At a party a few weeks ago, I was introduced to Ricardo Cervantes, the CEO and founder of La Monarca, a small chain of Mexican bakeries in the Los Angeles area. I revealed to him that I’m somewhat obsessed with bolillo rolls because they’re great for banh mi. He was not fully familiar with banh mi so I described them as la torta Vietnamita. Does La Monarca make and sell bolillo rolls? Yes, Ricardo said. Then just add mayonesa, jugo de Maggi, carne, escabeche, jalapeño, pepino, y cilantro. We giggle and he asked what kind of carne should they use.
Many kinds of meat would work. I’ve made banh mi with carnitas and carne asada. Since Mexicans also share a love of leche condensada, make café Vietnamita, I suggested to Ricardo. La Monarca should it with a torta Vietnamita for a special cross-cultural treat to customers. We laughed all through the conversation and Ricardo turned to our mutual friend, Paola, and said, “I like her!”
I am good with offering ideas to people, as you know. Soon after, I made a batch of Yucatecan pork pibil from one of a favorite Rick Bayless cookbook. Restaurants seldom make it well and it can be watery tasting. The pork is traditionally marinated in a tangy, spicy mixture featuring achiote/anatto seeds (hot dieu mau in Vietnamese). Then it’s wrapped in banana leaves and slow cooked. The pork steams in the marinade and its juices.
Short on time, I decided to steam the pork in a pressure cooker instead of roasting it as Bayless suggested. I figured that the flavors would remain in the banana leaf since the package was suspended above the water. Plus, I could cook it in less than 45 minutes instead of the 2 to 3- hour roasting.
Pressure cookers don’t work well on everything but once in a while, it produces results that are very close to what you’d get with regular, traditional cooking methods. This was one of them.
The pork was fork tender after 40 minutes of cooking in my Fagor Duo cooker. The flavor was fabulous. We used some for tacos and the rest for banh mi. (I used a light, French-style baguette from the supermarket since the bolillos were all gone.)
Pork pibil is typically served with a red onion pickle. My short cut was to use the brine from one of my banh mi pickles. The citrusy red cabbage pickle (see page 34 of The Banh Mi Handbook for the recipe) was perfect, as was the daikon and carrot pickle. I also whipped up a batch of cilantro Maggi mayonnaise (recipe on page 27 of the banh mi book), which include a little jalapeno (or serrano) for pepper appeal.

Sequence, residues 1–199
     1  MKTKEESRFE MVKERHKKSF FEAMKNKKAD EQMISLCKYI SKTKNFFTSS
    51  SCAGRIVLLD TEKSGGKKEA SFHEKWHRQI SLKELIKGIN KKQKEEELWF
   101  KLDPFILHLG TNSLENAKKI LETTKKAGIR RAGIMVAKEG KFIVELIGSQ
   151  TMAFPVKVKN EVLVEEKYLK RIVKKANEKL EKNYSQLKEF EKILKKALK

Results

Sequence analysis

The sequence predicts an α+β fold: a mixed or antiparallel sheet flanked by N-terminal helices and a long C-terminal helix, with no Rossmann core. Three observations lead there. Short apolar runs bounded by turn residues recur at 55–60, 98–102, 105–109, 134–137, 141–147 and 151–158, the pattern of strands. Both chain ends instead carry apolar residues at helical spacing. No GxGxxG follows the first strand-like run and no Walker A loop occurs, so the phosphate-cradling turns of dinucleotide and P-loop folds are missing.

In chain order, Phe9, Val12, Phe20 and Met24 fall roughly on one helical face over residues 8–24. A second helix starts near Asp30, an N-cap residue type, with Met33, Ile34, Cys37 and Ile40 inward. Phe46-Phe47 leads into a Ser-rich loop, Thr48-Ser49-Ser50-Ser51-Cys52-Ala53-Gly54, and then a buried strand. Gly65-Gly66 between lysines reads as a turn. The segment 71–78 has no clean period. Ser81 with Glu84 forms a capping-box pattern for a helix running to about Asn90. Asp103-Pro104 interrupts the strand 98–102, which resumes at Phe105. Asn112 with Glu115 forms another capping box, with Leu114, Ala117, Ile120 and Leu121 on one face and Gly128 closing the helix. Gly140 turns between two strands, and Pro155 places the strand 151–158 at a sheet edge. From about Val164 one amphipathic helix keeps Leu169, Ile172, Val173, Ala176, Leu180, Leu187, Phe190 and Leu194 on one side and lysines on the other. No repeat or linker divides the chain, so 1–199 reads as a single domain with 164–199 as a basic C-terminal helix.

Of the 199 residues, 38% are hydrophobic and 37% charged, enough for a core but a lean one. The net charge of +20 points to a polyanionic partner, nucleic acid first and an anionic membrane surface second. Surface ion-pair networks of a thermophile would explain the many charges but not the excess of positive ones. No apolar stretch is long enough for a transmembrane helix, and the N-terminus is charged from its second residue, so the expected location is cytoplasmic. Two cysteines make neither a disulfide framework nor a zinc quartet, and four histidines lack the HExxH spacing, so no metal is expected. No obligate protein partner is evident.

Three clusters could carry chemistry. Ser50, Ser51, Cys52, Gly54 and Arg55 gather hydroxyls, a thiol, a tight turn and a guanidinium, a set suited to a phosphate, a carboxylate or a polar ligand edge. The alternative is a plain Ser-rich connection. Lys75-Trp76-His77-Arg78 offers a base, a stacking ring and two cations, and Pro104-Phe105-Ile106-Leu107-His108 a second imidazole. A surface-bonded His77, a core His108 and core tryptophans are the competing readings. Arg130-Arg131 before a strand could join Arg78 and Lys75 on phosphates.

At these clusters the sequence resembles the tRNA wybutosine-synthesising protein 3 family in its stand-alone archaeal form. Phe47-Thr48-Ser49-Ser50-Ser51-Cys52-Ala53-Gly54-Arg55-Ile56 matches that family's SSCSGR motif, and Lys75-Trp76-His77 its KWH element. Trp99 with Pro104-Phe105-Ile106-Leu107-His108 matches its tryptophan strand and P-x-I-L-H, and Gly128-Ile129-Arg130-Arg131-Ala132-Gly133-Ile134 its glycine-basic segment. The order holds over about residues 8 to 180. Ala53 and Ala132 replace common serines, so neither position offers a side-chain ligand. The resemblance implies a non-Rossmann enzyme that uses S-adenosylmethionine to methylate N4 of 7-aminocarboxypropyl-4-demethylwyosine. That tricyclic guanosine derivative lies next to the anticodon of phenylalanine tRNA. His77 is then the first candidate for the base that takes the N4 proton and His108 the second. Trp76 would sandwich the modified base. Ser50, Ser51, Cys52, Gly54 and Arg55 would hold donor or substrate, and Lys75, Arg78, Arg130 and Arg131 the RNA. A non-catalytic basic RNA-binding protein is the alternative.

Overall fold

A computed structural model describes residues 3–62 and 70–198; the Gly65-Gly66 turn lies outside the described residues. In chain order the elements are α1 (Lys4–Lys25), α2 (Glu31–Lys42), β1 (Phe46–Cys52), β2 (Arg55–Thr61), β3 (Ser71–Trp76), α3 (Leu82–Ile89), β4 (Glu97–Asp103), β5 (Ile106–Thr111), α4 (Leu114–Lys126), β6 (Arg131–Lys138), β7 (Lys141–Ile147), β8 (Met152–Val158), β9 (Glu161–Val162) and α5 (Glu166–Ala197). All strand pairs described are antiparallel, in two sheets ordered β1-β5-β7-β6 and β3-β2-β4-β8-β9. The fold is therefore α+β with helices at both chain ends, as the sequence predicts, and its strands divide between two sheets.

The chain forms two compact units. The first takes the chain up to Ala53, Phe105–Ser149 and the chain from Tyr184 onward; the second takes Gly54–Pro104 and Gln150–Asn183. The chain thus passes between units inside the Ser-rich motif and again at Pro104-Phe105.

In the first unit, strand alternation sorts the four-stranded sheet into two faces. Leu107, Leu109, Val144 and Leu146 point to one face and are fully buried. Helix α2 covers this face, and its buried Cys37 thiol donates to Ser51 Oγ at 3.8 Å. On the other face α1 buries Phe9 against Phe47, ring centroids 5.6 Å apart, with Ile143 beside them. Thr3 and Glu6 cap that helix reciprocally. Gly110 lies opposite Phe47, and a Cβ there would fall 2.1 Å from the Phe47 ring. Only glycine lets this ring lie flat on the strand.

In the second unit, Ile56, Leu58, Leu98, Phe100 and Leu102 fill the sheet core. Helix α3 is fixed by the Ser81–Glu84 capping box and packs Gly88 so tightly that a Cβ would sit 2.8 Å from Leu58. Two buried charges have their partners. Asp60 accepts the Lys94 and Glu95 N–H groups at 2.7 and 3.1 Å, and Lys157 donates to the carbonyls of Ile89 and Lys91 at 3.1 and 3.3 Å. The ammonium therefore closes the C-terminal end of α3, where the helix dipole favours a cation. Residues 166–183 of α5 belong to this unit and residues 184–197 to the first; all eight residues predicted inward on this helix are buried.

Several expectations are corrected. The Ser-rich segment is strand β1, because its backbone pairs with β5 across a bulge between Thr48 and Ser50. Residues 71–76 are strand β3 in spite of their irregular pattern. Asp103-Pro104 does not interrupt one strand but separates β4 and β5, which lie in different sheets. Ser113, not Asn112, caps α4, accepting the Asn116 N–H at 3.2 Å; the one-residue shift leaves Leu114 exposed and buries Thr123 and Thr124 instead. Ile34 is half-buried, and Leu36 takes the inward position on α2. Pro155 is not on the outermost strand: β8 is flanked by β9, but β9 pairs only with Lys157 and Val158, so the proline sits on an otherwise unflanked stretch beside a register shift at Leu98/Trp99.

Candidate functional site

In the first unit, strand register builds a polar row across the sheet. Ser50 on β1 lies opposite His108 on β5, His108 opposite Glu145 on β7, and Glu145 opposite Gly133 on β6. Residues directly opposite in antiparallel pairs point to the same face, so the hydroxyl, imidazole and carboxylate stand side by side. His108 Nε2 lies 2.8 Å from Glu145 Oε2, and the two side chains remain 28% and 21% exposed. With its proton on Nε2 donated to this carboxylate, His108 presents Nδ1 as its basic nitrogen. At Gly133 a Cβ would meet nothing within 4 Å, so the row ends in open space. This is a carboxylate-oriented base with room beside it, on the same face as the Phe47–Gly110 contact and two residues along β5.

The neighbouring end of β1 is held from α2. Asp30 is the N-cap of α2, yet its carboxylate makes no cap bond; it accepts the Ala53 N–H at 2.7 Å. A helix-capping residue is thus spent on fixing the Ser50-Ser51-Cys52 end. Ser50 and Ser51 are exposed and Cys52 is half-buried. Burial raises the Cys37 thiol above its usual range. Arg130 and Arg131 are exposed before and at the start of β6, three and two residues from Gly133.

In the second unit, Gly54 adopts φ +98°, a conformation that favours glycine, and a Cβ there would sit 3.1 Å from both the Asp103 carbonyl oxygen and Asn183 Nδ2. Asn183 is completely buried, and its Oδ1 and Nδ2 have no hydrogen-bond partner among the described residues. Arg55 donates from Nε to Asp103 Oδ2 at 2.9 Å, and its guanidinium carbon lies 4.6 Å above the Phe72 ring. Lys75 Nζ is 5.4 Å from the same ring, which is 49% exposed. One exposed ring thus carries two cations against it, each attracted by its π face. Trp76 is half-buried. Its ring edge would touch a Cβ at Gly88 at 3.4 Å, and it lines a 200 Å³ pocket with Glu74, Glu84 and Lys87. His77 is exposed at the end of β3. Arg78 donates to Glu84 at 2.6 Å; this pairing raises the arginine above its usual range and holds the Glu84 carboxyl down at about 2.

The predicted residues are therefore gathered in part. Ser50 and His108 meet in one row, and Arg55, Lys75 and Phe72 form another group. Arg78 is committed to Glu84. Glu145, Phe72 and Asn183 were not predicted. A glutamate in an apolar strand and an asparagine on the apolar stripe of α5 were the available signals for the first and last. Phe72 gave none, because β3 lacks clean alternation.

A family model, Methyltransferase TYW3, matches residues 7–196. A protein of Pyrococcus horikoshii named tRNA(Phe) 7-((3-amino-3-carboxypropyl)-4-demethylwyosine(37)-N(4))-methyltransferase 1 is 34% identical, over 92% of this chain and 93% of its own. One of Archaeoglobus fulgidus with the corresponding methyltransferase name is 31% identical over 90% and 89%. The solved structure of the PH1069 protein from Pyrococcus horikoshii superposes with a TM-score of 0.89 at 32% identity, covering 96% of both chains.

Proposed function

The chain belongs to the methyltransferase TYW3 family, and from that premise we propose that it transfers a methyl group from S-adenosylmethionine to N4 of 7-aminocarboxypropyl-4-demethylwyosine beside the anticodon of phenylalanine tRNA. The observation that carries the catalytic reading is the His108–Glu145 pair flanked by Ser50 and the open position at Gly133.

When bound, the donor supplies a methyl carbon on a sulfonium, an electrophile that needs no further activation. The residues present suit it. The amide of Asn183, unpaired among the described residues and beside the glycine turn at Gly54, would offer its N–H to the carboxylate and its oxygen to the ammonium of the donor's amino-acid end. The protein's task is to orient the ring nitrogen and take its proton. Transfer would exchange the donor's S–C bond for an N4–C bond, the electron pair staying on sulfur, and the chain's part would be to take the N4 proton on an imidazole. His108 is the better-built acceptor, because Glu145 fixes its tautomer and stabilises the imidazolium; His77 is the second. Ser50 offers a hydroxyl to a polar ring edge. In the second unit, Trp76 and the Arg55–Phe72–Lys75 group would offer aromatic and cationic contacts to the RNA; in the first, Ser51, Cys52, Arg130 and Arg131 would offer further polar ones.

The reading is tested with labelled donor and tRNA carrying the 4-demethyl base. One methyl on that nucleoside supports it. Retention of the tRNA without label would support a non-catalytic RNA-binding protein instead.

The torta Vietnamita was fabulous. The beauty of pork pibil is you can make it days in advance. Keep the meat intact and shred it up before you eat it. Remember to save the cooking juices, which are loaded with flavor. Add salt at the end because the pork always seems to need a little extra oomph.
Pork Pibil Banh Mi
Enough for 5 or 6 banh mi sandwiches
- 1 ½ tablespoons achiote (annatto) seeds
- Rounded 1 teaspoon dried oregano leaves
- 1 ½ teaspoons ground allspice
- 1 teaspoon pepper
- 2 tablespoons plus 1 teaspoon cider vinegar
- 3 large cloves garlic, finely chopped and crushed with a knife or put through a press
- ¾ teaspoon fine sea salt, plus more as needed
- ¼ cup (60 ml) fresh lime juice plus 2 tablespoons fresh orange juice, or 6 tablespoons sour orange juice
- Generous 1 ½ pounds (675 g) boneless pork shoulder
- 1 very small red onion, halved and cut along the grain into thin wedges
- Brine from a banh mi pickle, such as the citrusy red cabbage pickle (see the recipe on page 34 of The Banh Mi Handbook)
- Two 12-by-18 inch (30 x 45 cm) pieces thawed or fresh banana leaves, or parchment paper
- Use an electric spice grinder or coffee grinder dedicated to grinding spices to render the achiote and oregano into fine texture. Transfer to a bowl and add the allspice, pepper, vinegar, garlic, and salt. Work in 1 to 2 tablespoons of water to make a paste. Then stir in the citrus juice to create a marinade.
- Add the pork then smear and rub it into the flesh. Make sure it gets into all the crevices. Cover and chill at least 2 hours or overnight. Return to room temperature before moving on.
- Meanwhile, put the onion in a small bowl and add the brine from the banh mi pickle to cover. Or, just put the onion into the jar with the banh mi pickle. Let sit for 2 hours or overnight to pickle the onion.
- To steam in a pressure cooker, put about 3/4 inch (2 cm) of water in the bottom of a 6- or 8-quart (6 or 8 l) pressure cooker. Add the little goodie to raise the steamer, as needed or instructed by your pressure cooker. Line the steamer insert with the banana leaves, arranging them like a cross. Put the pork in the center, and add all the marinade. Fold the banana leaves to enclose the pork. Set the steamer in the pressure cooker.
- Bring to high pressure (15 psi) and adjust the heat to maintain pressure, indicated by a steady stream or steam coming out of the valve. Cook for 40 minutes, then slide to a cool burner and let depressurize naturally. Remove the lid, tilting it away from you. Let cool for about 10 minutes, before lifting up the steamer insert and placing it on a plate.
- Transfer the pork to a bowl and use two forks (or your fingers) to shred the meat. Add all the juices and season with salt. Cover to keep warm and use to make banh mi with the usual suspects – a light crisp roll or section of baguette, mayonnaise, Maggi, the pork, pickle, jalapeño or Fresno chile slices, cucumber, and cilantro.
Note: if you don’t have a pressure cooker, use a 4 to 6-quart (4 to 6 l) oven safe pot. Line it with the banana leaves, add the pork and marinade, then close up the leaves. Pour in about 1 cup of water. Then bake in a preheated 325F (160C) oven for 2 ½ to 3 hours, checking 2 or 3 times to make sure there is enough water to keep the pork moist. The pork is done when it’s fork tender.
Another recipe to try: Dashi carnitas recipe (add a Japanese-Mexican twist to your torta Vietnamita)